It’s a kid’s eye view of a very believable apocalypse. This isn’t planet death by alien invasion. It isn’t some post-nuclear anime wasteland (though it does feature a few wide-eyed little girls) or a triffid invasion or a rising tide of zombies. This is the story of global economic stupidity taking down the upper middle class, the sort people who have confused having credit cards with being safe from disaster. It’s told by a teenaged girl who starts out by grappling with calamities like Mom having to fire the maid, a girl who has no idea how far her family has, yet, to fall.

It’s a diary. I love a well-written fictional diary, and they are rare treats. It’s a hard form to pull off—sort of the durian ice cream of POV choices—and even when they go for it, many writers settle for just sprinkling a little journal in, here and there, to flavor more traditional narratives. But there’s something so intimate about a person writing just for themselves, imposing order on their reality by writing down their experiences, coming to that understanding of the world around them, just for themselves, and then keeping it secret. There’s power in reading something written by someone who has no apparent intention of sharing a single word.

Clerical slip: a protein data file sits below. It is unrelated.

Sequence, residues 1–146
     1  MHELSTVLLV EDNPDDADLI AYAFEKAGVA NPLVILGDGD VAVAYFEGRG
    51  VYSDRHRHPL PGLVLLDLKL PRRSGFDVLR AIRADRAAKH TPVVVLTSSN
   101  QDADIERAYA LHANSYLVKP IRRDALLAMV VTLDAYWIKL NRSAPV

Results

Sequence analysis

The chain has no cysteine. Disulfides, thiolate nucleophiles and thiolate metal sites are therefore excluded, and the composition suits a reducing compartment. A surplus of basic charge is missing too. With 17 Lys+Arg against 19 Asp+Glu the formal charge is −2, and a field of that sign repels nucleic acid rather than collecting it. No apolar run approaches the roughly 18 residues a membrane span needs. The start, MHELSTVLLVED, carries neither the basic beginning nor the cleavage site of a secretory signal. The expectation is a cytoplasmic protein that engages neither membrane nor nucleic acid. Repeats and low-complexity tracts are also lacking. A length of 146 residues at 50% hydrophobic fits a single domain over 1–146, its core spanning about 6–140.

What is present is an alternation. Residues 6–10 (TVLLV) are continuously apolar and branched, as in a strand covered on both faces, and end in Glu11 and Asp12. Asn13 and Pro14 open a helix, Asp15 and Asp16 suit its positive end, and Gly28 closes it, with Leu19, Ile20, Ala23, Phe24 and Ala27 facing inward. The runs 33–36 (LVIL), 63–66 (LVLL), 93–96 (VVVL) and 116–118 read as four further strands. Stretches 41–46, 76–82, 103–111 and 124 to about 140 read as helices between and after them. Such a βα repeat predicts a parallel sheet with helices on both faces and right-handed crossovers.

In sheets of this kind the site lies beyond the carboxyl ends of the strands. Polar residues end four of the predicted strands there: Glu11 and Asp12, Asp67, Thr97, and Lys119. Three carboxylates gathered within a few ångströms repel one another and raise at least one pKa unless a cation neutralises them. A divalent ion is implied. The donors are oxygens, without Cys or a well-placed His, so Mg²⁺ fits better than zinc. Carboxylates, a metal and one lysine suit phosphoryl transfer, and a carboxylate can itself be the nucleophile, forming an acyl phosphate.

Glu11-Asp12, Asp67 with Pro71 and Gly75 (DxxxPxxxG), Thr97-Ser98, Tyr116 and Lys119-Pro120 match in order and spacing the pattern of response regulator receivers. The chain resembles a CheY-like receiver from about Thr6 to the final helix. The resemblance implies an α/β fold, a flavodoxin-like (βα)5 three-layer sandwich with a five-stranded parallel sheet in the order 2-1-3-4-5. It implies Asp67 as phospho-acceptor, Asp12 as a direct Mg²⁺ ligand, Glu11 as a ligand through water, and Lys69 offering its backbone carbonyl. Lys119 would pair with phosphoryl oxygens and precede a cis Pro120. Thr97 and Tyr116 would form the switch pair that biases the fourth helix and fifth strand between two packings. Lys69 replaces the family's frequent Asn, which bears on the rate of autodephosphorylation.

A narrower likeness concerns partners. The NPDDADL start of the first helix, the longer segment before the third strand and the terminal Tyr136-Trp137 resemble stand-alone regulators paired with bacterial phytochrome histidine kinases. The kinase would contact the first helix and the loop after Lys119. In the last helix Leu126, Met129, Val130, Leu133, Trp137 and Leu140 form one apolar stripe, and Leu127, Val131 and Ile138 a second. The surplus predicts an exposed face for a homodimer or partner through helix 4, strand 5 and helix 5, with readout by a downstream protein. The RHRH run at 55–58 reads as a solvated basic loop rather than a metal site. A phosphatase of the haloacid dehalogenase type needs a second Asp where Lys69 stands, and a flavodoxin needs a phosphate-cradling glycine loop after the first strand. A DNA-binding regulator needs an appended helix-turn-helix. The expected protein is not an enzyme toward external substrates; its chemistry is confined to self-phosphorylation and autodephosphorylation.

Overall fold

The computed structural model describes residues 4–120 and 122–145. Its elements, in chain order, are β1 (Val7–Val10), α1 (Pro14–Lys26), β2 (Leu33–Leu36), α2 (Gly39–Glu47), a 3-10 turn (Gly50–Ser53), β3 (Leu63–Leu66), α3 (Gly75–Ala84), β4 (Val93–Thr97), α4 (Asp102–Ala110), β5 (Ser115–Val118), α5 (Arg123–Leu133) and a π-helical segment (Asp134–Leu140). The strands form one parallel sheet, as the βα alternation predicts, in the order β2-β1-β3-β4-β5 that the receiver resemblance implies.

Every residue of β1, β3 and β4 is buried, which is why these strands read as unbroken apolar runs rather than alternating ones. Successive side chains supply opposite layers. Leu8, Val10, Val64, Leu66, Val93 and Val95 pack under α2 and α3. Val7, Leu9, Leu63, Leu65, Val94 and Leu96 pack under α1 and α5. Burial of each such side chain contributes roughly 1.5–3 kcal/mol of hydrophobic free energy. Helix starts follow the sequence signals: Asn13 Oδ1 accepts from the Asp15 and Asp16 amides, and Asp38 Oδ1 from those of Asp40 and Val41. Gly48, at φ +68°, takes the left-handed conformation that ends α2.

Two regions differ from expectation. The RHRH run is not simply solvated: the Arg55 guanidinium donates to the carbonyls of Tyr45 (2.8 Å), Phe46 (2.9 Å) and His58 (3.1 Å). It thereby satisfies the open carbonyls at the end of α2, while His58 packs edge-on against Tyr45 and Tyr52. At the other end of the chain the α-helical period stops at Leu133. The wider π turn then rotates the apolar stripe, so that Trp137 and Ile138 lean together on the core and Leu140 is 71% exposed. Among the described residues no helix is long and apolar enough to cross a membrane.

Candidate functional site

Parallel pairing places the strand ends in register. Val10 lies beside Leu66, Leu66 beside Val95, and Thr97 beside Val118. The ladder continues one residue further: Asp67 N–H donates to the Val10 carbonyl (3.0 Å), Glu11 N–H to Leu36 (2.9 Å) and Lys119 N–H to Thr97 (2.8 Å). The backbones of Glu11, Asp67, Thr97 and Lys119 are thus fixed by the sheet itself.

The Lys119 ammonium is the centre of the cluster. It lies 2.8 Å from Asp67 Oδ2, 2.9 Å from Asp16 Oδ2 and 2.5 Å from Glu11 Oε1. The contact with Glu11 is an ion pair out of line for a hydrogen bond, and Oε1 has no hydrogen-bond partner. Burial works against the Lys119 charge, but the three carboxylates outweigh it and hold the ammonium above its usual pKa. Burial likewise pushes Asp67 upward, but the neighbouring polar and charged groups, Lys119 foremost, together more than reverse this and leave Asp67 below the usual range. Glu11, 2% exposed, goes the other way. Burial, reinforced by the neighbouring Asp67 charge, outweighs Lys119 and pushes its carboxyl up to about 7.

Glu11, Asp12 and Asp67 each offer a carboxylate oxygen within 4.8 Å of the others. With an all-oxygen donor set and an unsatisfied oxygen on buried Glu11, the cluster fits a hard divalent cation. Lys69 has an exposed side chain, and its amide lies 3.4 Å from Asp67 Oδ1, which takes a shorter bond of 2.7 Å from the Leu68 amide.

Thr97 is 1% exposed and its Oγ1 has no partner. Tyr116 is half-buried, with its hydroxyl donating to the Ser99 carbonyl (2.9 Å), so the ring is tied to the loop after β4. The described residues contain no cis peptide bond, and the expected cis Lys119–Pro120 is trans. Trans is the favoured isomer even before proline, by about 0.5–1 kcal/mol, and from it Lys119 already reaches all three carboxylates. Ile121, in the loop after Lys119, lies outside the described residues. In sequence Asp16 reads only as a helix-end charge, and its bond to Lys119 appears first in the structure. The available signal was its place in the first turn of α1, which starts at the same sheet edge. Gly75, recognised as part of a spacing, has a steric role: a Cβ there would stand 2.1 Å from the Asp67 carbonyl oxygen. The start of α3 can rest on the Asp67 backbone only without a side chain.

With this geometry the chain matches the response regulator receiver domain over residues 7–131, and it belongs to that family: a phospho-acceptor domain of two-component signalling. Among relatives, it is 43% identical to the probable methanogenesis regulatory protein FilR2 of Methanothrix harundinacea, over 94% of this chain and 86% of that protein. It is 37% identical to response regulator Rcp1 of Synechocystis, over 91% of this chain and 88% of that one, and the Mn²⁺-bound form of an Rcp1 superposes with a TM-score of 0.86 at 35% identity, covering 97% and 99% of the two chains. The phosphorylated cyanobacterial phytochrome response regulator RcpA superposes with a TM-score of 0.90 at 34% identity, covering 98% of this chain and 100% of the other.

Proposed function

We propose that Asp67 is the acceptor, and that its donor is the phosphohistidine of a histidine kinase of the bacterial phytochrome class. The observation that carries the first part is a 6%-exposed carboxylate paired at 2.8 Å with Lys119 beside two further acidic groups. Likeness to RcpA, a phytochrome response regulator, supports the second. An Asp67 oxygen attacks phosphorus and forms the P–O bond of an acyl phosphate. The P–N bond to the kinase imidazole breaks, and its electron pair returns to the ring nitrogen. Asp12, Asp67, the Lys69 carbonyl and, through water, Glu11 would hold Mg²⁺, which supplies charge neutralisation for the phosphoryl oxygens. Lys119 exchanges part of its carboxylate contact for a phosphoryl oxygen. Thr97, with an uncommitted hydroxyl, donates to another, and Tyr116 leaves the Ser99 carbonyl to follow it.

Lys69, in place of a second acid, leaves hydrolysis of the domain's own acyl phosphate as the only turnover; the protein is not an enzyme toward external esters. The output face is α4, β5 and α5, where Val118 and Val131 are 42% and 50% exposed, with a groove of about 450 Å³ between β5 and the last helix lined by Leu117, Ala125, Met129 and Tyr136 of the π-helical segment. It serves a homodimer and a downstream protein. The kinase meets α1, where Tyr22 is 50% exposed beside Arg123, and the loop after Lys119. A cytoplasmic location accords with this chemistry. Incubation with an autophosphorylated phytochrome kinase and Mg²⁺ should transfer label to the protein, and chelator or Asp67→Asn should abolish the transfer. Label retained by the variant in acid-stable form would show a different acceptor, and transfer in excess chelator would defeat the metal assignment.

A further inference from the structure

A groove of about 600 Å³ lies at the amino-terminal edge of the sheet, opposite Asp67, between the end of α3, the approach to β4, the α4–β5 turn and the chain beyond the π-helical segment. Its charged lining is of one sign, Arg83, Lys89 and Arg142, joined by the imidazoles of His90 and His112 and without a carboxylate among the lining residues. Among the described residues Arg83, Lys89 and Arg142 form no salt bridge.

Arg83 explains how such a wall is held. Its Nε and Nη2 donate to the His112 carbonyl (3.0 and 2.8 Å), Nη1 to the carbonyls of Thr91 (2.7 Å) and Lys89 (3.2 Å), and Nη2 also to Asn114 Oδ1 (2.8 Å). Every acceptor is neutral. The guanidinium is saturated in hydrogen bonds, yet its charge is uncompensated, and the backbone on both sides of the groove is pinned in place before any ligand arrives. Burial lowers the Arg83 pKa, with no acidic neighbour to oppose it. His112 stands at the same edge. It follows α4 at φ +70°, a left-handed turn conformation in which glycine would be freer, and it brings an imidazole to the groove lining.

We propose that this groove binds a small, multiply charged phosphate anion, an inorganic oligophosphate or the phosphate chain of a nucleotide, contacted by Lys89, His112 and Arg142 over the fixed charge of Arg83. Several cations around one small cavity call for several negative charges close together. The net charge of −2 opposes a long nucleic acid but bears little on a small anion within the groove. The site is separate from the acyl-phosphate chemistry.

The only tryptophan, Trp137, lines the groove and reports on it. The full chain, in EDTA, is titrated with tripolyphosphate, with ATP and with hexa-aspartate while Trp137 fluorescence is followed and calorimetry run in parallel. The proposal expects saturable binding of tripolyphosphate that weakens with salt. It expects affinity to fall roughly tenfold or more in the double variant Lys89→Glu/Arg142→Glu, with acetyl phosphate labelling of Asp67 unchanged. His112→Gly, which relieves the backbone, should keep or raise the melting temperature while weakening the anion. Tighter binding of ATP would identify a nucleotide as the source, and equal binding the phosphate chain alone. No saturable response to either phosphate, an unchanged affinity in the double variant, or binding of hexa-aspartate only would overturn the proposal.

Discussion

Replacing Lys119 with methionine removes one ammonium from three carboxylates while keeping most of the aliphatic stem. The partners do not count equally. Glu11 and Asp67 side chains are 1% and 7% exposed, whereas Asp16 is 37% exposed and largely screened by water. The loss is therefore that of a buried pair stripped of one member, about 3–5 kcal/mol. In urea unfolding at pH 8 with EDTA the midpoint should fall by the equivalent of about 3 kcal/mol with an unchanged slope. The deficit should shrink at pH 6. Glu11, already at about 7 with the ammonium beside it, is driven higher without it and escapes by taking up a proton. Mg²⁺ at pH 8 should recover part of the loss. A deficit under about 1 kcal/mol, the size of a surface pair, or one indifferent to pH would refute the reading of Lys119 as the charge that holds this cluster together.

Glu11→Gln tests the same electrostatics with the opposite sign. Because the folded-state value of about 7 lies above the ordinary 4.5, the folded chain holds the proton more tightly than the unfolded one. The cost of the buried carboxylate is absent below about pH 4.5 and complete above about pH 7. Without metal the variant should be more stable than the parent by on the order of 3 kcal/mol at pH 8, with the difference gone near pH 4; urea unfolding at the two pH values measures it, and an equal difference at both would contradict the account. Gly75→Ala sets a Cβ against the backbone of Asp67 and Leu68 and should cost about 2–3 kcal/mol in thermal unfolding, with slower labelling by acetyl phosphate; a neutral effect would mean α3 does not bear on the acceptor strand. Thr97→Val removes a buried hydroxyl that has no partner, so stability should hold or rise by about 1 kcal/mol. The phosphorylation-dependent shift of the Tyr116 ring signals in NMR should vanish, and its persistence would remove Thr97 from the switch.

Our diarist, our twelve-year-old, is Lola Hart—but everyone calls her Booz. She has just turned twelve, and at first she writes in a breathless, innocent style that is a little heartbreaking from word one. Even before anyone realizes how much trouble she’s in, Womack captures in Booz that essence of a childhood about to end. And he puts us right up against it, positioning us to see every little nuance of her growing process.